Through the process, we were reminded that we cannot tell the story of the present without examining the past and including the variety of histories that exist within the narrative. We were also reminded that people feel connected to a place when they see themselves reflected in it. We believe that storytelling is a radical act of affirming history and place, and that telling history builds cohesion, wayfinding, and a sense of place.
In this session, we will review: 1) the content creation phase of the marketing campaign including: a.) hiring artists to create a series of public art projects, including murals, spoken word poetry, dance, and music reflecting the history of the area, b.) building a robust website that allowed visitors to plan an itinerary, and link arts activities with bars, restaurants, and retail, along with nearby places to stay; and 2.) the distribution phase of the campaign including: a.) engaging artists, community residents, and small business owners to create a series of insider’s guides for the district which were distributed through digital and print advertising, social media, and the newly designed website, b.) building partnerships to promote pubic art locations, share guides, drive traffic to the website, and ultimately drive tourists and current residents to the area.
The goals of this project were: 1.) build new community ambassadors for the arts district (artists, neighborhood residents, business owners who provide their insight for the guides), 2.) make currently invisible neighborhood history and linkages visible, and 3.) provide content for both visitors and for marketing. This marketing work increased our social media impressions by 525%, engagements by 204%, and post clicks by 939%.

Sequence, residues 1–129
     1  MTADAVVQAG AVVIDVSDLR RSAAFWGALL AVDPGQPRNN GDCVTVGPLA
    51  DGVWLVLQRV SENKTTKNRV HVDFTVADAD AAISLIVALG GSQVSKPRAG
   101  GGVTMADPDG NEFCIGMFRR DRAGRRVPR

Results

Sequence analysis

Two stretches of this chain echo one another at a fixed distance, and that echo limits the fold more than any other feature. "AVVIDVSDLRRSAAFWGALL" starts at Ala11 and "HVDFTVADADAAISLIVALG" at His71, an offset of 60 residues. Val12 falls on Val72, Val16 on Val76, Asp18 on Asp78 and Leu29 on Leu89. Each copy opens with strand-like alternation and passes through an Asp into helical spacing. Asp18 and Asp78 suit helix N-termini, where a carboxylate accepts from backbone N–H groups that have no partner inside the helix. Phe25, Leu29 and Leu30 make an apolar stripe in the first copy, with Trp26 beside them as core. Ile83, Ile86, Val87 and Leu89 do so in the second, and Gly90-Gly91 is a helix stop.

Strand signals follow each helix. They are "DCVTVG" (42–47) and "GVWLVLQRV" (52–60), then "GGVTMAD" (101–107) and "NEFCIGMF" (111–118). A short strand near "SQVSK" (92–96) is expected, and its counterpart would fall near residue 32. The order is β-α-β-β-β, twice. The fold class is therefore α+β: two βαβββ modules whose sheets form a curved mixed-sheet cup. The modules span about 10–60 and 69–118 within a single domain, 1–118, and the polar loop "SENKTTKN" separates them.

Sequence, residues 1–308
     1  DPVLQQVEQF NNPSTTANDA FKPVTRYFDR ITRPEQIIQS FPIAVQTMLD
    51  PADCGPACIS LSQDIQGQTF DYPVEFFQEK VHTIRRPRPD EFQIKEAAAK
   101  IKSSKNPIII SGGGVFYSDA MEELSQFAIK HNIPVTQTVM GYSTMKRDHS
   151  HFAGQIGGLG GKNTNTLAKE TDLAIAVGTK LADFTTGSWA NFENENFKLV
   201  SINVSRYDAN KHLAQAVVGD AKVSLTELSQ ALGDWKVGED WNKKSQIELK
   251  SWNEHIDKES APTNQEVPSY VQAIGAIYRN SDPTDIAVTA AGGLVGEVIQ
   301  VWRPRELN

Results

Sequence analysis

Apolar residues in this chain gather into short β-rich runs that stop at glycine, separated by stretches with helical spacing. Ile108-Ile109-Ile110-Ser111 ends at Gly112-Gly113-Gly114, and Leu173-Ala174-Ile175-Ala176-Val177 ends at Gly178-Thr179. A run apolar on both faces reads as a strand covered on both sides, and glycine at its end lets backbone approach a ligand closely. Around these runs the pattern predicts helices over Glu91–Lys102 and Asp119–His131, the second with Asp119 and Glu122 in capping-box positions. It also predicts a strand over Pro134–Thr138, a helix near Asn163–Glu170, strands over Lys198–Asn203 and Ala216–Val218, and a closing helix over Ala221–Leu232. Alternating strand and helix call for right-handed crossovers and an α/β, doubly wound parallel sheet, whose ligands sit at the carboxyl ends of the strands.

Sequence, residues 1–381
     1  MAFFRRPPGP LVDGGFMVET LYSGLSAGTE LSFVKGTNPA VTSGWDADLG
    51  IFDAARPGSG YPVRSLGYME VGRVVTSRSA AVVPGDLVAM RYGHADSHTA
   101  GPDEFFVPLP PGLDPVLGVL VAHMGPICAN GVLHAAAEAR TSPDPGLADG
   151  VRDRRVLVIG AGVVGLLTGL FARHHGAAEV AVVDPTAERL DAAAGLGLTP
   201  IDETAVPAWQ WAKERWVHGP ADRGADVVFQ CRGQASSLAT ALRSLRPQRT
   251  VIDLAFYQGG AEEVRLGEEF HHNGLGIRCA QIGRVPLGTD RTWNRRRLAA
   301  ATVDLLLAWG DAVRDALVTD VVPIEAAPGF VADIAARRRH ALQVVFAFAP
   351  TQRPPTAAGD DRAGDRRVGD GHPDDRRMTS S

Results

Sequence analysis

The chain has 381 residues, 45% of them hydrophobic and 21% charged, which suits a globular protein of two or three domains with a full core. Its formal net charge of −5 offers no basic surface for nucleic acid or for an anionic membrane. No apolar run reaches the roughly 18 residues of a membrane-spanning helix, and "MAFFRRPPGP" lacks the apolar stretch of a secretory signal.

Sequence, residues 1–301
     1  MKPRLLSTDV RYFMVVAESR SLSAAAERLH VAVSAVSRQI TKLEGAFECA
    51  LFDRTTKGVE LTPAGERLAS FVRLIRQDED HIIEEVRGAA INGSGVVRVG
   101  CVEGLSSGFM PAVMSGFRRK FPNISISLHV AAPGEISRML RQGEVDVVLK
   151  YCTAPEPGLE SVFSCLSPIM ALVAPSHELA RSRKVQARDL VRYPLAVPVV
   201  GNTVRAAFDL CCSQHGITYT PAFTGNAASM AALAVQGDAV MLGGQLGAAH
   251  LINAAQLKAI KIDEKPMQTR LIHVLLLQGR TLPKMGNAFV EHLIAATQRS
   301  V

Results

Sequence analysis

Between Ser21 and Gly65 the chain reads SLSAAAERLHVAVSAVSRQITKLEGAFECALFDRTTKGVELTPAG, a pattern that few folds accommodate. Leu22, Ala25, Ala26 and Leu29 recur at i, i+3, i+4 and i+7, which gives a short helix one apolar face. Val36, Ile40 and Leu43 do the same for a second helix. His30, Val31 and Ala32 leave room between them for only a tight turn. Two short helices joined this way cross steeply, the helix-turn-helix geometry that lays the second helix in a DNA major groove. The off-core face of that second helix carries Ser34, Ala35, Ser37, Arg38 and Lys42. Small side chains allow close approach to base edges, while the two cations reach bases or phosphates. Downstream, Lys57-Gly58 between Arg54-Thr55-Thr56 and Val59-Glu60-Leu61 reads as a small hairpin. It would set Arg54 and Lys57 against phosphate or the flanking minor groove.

During this session, attendees will:
1. Learn techniques that can be used to support cultural neighborhoods.
2. Learn the value of working with local artists to tell the story of a cultural area.
3. Learn how to plan a marketing strategy focused on centering artist and neighborhoods stories.
Arts District Houston
Marci Dallas is the executive director for Fresh Arts, a Houston-based 501(c)3 organization dedicated to strengthening the sustainability and vibrancy of Houston’s arts sector by bolstering the capacity and professional practice of artists and arts organizations and enhancing the public’s engagement with the arts. She has a strong background in arts leadership and financial management. Dallas holds an M.A. in art history and an MBA. She is a graduate of Christie’s Art and Business program as well as the Leadership Institute for Nonprofit Executives at Rice University’s Center for Philanthropy and Nonprofit Leadership. She has previously held administrative, curatorial and development roles in organizations such as The Museum of Modern Art (New York) and Holocaust Museum Houston. She is adjunct faculty at the Kathrine G. McGovern College of the Arts at the University of Houston MA in Arts Leadership program.